New Zealand: Small country, big landmarks

It may be a relatively small nation but there’s no doubt New Zealand has a fascination with big landmarks.

It may be a relatively small nation but there’s no doubt New Zealand has a fascination with big landmarks.

There are nearly a dozen giant icons dotted around New Zealand and they come in a variety of shapes and sizes. What these landmarks share is not only their size but that they represent something close to the heart, history and character of their surrounding communities.

In the bustling ski town of Ohakune, nestled at the foot of Mt Ruapehu, stands a giant carrot. When the first settlers came to Ohakune in the 1920s they set up market gardens in a climate too cold for the usual pests, but perfect for carrots. Today the region is more popular for its snow tourism, sporting the best ski fields in the North Island. However the humble carrot still plays a major role in the local economy.

A short drive down the road is the town of Taihape. A service town reliant on its surrounding agriculture and horticulture, it’s only natural that a giant gumboot (or ‘wellington’ to Northern Hemisphere visitors) stands proudly at the entrance to this small central North Island town. This close-knit community holds annual ‘gumboot throwing’ competitions where contestants battle it out to see who can throw a gumboot the farthest.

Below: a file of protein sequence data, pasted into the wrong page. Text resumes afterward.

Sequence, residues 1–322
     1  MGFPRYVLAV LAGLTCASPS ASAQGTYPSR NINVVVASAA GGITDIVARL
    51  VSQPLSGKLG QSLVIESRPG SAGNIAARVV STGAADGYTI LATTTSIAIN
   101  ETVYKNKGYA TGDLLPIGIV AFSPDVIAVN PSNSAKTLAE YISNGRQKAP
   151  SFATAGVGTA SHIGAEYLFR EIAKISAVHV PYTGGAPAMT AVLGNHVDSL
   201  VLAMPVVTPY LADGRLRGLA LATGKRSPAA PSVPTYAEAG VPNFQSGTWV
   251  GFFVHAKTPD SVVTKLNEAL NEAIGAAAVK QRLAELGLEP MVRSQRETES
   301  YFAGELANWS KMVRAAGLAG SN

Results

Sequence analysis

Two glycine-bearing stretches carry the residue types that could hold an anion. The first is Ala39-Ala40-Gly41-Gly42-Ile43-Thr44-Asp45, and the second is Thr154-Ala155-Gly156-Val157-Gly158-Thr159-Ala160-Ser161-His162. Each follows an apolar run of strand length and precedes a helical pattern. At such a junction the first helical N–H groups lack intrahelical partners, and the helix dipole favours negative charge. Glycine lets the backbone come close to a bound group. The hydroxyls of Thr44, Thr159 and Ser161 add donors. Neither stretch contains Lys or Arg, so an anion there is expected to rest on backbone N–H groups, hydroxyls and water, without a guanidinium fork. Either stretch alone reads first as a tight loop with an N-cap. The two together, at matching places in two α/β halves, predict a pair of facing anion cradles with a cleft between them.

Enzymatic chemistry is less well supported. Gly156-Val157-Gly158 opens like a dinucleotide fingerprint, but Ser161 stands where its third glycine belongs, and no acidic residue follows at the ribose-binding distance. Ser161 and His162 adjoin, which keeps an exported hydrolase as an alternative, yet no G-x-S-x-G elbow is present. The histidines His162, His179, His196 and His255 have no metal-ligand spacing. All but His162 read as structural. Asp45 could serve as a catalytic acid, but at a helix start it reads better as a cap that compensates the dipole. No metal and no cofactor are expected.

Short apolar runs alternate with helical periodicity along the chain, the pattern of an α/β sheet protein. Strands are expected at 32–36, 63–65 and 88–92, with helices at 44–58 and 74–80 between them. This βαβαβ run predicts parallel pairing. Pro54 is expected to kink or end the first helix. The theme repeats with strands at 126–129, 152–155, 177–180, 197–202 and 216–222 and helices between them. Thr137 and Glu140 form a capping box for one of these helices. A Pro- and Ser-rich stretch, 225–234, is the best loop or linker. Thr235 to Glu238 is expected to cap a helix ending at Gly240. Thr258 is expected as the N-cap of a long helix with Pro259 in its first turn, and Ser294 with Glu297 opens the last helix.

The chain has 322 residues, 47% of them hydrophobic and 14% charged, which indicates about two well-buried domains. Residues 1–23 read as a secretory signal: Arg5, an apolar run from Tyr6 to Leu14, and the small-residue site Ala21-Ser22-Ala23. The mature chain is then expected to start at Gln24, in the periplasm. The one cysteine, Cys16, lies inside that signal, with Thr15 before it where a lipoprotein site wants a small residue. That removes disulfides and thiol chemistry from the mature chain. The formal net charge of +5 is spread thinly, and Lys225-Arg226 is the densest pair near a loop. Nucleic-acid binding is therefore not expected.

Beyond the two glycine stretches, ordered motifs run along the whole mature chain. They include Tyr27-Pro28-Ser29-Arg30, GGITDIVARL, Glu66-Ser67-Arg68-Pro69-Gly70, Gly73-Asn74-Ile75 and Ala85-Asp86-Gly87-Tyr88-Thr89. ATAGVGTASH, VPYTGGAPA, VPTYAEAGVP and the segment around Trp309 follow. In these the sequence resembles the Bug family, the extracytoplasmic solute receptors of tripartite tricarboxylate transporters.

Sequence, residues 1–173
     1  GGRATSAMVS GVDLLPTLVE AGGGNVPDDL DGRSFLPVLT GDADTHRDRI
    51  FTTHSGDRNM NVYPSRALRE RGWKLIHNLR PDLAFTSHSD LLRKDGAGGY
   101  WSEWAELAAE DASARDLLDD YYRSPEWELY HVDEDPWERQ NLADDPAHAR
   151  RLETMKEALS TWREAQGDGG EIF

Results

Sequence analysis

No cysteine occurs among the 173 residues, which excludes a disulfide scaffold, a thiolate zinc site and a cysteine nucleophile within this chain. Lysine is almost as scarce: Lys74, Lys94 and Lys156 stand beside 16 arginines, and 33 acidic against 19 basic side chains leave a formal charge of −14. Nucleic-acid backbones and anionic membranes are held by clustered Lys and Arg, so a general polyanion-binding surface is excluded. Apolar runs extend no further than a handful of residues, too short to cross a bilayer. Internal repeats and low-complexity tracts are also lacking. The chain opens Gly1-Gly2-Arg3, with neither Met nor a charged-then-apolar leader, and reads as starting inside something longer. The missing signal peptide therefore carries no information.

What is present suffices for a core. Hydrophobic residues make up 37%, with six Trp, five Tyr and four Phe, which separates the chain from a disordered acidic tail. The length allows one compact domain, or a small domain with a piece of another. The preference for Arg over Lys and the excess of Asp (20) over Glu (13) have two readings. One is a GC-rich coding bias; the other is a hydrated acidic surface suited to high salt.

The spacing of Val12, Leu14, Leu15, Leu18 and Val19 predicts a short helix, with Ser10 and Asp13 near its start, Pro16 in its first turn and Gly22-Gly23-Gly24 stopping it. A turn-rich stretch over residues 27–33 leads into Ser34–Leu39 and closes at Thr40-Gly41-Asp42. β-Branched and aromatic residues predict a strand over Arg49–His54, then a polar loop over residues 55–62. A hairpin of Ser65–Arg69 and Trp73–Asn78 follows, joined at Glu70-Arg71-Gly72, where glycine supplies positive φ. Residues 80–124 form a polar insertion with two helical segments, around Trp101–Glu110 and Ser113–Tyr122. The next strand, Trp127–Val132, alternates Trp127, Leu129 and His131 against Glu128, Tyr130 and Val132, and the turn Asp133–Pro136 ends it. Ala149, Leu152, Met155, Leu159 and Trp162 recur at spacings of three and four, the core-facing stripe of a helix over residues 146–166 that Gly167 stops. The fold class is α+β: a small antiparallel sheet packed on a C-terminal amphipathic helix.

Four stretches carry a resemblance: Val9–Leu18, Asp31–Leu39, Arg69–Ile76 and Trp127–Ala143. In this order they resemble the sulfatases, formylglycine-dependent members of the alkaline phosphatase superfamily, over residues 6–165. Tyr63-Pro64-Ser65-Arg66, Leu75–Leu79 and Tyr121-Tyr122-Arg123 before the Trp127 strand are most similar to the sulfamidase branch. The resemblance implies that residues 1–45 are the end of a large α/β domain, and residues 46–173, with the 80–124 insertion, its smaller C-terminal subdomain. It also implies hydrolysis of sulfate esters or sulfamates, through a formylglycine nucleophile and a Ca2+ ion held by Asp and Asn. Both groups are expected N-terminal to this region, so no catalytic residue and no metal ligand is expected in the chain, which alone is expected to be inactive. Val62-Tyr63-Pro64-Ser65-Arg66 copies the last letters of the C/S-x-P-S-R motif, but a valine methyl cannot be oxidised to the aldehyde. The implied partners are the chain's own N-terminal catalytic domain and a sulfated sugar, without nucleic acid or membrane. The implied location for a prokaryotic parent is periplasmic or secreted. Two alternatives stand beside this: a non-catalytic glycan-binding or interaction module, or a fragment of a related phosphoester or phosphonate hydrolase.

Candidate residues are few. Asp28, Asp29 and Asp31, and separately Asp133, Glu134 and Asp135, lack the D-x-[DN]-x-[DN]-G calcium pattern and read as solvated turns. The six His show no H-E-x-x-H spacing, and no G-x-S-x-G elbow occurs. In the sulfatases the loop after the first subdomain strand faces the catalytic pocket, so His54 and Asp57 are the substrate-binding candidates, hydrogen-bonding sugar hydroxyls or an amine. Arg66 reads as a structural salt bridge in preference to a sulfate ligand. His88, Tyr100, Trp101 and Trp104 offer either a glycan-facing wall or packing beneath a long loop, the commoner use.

The nationally renowned soft drink, Lemon and Paeroa, had its origins in the North Island town of Paeroa. The mineral water was pumped from a deep well within the borough to Innes Schweppes Limited''s manufacturing and bottling plant in Auckland. While the factory has since closed, a large L & P bottle still stands in the town.

Surrounded by rivers and streams, on the east coast of the South Island, is the town of Gore. Known as the country music capital of New Zealand it is also renown for its fishing. There is no surprise then that Gore’s landmark is an enormous trout, displayed jumping above a bed of rocks.

In the country’s largest city of Auckland stands the Sky Tower. At 328 metres tall the tower is the largest in the Southern Hemisphere, and the 12th tallest tower in the world.

Other towns around New Zealand feature equally impressive landmarks including a giant kiwifruit, a giant sheepdog, a massive salmon and a giant paua shell.